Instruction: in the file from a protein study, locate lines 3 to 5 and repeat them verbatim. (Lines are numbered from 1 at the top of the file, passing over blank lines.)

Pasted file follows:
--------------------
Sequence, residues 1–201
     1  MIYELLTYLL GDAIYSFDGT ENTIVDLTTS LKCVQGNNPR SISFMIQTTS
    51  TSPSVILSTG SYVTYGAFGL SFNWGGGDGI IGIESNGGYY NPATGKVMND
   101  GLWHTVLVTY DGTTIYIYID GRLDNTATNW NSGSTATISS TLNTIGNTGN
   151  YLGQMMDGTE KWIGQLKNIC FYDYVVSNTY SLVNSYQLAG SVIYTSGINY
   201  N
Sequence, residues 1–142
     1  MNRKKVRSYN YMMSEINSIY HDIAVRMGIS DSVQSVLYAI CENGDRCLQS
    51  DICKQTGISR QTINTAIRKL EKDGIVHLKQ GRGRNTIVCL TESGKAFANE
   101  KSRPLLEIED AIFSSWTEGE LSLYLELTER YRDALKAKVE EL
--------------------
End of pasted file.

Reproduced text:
    51  TSPSVILSTG SYVTYGAFGL SFNWGGGDGI IGIESNGGYY NPATGKVMND
   101  GLWHTVLVTY DGTTIYIYID GRLDNTATNW NSGSTATISS TLNTIGNTGN
   151  YLGQMMDGTE KWIGQLKNIC FYDYVVSNTY SLVNSYQLAG SVIYTSGINY